The Great West Run
A couple of years ago I took photographs at the Great West Run in Exeter, a half-marathon run annually since 1985. It draws participants from across the region, plus a large crowd of enthusiasts and spectators.
I knew I would get some interesting images of the athletes preparing and running in the race, but photographs of races are all fairly similar: steely gazes of concentration, the grimace at the finishing line. So I decided to tell the story of the Great West Run without showing any faces – I’d let people’s body language express the tension building to the start of the race, the athleticism of the runners and the exhaustion at the end.
As a fine art project I did some post-processing on the photographs. I enhanced the vividness of the photos with my own custom Lightroom preset to bring out the multitude of colours and bring extra vibrancy and life to the story. This was helped by having bright, spring sunshine.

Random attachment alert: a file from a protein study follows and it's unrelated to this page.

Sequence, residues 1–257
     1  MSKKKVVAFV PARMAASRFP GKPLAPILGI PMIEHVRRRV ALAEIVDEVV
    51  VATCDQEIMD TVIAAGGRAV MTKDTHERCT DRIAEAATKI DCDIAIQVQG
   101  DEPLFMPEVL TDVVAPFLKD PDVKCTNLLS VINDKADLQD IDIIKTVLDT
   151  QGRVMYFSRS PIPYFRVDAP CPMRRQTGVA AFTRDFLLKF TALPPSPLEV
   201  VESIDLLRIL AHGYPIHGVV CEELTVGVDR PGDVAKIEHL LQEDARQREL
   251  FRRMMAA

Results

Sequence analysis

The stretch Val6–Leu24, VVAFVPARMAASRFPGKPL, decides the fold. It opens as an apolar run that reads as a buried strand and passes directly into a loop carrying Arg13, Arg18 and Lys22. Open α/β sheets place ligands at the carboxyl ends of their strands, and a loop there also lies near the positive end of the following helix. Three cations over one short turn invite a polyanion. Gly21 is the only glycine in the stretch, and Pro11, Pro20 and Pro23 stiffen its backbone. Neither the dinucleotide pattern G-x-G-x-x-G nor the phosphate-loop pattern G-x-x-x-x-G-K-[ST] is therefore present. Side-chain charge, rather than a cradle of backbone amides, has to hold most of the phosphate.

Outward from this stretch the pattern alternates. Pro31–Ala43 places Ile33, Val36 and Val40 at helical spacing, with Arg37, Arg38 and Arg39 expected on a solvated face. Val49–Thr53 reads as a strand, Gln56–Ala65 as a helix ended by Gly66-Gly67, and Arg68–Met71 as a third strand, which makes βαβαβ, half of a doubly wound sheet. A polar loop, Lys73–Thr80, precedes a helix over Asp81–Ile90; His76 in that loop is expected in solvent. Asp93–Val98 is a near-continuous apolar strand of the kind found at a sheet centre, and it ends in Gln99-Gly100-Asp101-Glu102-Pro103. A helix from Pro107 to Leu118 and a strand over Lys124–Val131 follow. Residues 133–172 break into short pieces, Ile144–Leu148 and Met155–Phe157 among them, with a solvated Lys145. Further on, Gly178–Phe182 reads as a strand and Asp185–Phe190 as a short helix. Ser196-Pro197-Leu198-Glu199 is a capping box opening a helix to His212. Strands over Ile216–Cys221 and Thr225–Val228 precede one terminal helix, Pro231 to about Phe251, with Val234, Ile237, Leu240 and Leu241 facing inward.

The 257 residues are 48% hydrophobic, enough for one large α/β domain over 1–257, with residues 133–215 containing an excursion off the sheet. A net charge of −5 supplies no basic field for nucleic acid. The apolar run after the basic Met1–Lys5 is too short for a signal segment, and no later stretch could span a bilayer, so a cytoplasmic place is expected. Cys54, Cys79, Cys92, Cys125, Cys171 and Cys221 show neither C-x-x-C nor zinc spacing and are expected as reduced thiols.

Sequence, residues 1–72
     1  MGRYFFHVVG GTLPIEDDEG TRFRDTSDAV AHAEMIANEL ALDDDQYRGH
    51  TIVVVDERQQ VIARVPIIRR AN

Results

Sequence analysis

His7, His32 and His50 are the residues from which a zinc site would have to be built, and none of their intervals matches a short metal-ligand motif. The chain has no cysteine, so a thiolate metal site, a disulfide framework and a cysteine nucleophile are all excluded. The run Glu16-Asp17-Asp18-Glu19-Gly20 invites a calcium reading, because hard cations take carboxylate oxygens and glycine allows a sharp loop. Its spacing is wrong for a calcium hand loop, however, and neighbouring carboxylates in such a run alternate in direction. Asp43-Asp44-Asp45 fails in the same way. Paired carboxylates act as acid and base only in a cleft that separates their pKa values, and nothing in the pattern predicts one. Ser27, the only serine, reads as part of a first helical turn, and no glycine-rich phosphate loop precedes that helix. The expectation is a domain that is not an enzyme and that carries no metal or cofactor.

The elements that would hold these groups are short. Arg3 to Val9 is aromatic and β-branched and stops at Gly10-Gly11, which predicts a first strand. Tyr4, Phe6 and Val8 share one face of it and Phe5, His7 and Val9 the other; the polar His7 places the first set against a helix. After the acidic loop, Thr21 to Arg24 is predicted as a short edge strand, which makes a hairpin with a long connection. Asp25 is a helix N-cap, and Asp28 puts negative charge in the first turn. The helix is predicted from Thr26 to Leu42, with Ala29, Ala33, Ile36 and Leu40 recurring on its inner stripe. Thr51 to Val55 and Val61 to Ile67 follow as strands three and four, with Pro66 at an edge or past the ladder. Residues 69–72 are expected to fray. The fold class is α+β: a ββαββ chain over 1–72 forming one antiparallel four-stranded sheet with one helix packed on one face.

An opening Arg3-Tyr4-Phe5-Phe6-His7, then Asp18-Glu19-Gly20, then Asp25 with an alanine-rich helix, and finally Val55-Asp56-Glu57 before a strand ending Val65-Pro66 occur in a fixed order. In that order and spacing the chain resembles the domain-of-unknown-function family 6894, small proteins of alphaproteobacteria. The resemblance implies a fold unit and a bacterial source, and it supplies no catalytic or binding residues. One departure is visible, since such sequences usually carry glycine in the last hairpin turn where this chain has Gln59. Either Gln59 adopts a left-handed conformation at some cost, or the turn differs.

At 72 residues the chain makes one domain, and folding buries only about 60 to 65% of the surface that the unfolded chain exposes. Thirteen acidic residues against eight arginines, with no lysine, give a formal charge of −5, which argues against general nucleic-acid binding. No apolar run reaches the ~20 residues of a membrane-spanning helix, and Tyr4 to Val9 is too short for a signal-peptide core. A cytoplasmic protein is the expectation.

Telling a story of an event becomes easier if you know that’s what you’re going to do when the photography begins. It’s easier to notice themes if you’re already thinking about themes, and you can then take best advantage of them as the shoot progresses. Trying to tell a story with a group of disconnected photographs is just more difficult.
The following set of seven photographs summarises the race in a more engaging way than just a number of almost random images. When people are engaged with photographs they subconsciously start to tell their own stories about them. That makes the memorable and appealing. This applies to some degree to all photographs, but it’s easier to grasp when people are in the photos and doing the story telling. Even if you can’t see their faces.